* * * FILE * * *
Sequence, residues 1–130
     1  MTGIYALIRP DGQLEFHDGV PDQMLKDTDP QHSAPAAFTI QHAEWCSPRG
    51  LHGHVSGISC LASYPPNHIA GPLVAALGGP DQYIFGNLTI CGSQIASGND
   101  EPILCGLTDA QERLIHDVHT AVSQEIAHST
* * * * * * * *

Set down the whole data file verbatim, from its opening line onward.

Sequence, residues 1–130
     1  MTGIYALIRP DGQLEFHDGV PDQMLKDTDP QHSAPAAFTI QHAEWCSPRG
    51  LHGHVSGISC LASYPPNHIA GPLVAALGGP DQYIFGNLTI CGSQIASGND
   101  EPILCGLTDA QERLIHDVHT AVSQEIAHST